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Geneva family law attorney for annulmentThere are millions of married couples in Illinois and throughout the United States. However, not all marriages last. Approximately 40 to 50 percent of all U.S. marriages end in divorce. Many people may equate a divorce with an annulment or even a legal separation, but they are not the same thing. In a divorce, a couple will seek to dissolve a valid marriage. In an annulment, the marriage is ruled as invalid, as if it never happened. Some people assume that an annulment is easier to obtain than a divorce, but that is not always true. Annulments can have stricter requirements and time limits when compared to a divorce. If you are considering ending your marriage, it is essential that you hire professional legal counsel to fully understand your legal options.    

Declaration of Invalidity 

It is important to note that an annulment is not the same thing as a divorce or legal separation. When married couples legally separate, they live apart but are still technically married in the eyes of the law. An annulment is a way for two people who are in a fraudulent or invalid marriage to legally leave the marriage by essentially voiding it. A marriage can be deemed invalid for various reasons, including if one party was unable to consent to the union due to:

  • Mental illness
  • Substance abuse
  • Coercion
  • Incest
  • Bigamy
  • Inability to consummate the marriage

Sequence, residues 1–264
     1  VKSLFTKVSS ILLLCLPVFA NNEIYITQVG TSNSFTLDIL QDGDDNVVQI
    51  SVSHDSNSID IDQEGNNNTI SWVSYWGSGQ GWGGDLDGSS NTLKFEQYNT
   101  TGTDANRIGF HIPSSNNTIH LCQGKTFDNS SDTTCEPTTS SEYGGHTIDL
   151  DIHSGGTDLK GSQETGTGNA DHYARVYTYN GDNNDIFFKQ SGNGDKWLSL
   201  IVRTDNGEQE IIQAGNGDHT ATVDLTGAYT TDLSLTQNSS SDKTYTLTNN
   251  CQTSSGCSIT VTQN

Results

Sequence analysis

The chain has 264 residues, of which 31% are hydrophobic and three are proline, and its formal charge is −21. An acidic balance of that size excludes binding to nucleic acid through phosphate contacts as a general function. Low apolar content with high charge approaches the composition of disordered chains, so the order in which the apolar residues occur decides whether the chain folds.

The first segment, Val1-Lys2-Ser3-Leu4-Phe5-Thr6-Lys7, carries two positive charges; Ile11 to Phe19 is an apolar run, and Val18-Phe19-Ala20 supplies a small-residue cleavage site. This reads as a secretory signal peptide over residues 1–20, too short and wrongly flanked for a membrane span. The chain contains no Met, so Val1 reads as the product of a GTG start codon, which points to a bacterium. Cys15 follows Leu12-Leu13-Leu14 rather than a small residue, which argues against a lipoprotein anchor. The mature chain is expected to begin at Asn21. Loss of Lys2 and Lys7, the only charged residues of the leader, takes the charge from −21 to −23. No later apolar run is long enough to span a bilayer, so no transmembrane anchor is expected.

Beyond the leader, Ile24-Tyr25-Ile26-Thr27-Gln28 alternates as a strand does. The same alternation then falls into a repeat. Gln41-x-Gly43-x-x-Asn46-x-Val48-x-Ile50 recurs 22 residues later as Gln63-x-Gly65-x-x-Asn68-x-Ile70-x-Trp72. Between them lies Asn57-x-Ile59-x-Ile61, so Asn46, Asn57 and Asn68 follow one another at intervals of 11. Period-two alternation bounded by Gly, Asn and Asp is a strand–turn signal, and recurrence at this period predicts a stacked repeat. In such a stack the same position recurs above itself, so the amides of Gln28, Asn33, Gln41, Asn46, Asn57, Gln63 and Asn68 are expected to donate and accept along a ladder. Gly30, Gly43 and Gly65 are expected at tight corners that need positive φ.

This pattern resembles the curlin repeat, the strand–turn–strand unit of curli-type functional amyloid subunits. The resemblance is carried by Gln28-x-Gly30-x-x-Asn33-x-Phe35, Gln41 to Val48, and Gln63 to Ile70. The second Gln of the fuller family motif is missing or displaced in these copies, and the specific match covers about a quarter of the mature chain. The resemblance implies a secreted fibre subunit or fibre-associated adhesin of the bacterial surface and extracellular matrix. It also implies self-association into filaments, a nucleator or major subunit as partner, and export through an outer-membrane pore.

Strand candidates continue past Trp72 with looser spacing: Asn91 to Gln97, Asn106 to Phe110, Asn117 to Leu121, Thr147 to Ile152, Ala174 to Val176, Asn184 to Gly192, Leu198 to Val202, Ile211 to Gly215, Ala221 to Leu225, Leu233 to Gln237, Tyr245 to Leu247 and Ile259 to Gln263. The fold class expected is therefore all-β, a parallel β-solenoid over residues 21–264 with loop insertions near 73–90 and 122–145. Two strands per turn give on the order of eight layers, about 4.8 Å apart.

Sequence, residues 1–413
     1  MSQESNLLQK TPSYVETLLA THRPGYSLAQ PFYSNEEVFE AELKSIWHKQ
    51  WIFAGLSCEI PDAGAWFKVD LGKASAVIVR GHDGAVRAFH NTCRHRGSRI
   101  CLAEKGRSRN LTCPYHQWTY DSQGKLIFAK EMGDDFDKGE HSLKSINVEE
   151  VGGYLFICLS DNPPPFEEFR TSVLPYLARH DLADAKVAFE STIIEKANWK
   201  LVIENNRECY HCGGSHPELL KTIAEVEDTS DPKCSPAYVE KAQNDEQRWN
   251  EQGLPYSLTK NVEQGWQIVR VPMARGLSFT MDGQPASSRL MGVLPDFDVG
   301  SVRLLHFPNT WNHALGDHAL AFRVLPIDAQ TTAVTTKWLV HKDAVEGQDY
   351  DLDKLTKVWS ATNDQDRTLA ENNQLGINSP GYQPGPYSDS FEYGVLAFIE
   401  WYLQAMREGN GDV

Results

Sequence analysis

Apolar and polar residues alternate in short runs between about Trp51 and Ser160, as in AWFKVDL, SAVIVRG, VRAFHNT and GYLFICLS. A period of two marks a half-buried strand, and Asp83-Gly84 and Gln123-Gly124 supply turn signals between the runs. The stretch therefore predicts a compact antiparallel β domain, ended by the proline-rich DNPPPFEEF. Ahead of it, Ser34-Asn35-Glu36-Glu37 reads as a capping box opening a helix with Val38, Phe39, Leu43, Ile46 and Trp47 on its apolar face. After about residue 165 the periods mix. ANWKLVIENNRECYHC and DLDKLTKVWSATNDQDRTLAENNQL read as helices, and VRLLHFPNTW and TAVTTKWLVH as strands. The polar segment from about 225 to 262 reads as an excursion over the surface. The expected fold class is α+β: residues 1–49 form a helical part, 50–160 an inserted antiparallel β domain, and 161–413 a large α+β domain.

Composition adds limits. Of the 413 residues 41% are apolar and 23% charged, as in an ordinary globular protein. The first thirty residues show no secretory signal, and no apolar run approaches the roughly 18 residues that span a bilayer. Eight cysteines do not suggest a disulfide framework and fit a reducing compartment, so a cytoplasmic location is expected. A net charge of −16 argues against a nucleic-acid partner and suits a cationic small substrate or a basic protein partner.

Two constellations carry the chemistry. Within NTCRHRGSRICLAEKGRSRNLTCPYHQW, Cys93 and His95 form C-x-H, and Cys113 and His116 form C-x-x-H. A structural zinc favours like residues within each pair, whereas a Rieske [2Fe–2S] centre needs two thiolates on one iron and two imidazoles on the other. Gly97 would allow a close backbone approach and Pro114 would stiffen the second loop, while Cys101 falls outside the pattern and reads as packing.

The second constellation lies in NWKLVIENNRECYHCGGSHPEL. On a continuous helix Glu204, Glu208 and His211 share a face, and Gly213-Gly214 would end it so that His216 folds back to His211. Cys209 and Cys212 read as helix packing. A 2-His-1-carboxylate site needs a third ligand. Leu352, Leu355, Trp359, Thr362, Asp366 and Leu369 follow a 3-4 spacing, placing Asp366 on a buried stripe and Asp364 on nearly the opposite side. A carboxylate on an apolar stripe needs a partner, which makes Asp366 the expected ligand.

• Being underage at the time of the wedding

A marriage can only be annulled if the court issues a Declaration of Invalidity. An invalid marriage represents an illegal relationship and is therefore not recognized by the state. 

annulments, Geneva family law attorney, Illinois annulment, clean marital slate, illegal marriage, consummation, petition for annulmentOne of the most effective marketing slogans to ever hit the jackpot recently celebrated more than a decade of enticing vacationers and love struck couples to Sin City. Illinois couples, however, do not need to travel to the desert to tie the knot nor petition for an annulment. Couples can opt to petition for an annulment as stipulated under the Illinois Marriage and Dissolution of Marriage Act (750 ILCS 5). However, under the terms of the Illinois Declaration of Invalidity of Marriage, certain criteria must first be met in order to qualify.

Differing than filing for a divorce, an annulment provides the option to petition the court and request approval to wipe the marital slate clean, thus declaring a marriage as null and void. Annulments can be tricky, however, and contacting a qualified Illinois family law attorney knowledgeable of annulment law in Illinois is essential. However, before your scheduled consultation, these key elements could provide valuable insight to the process.

Critique the Criteria

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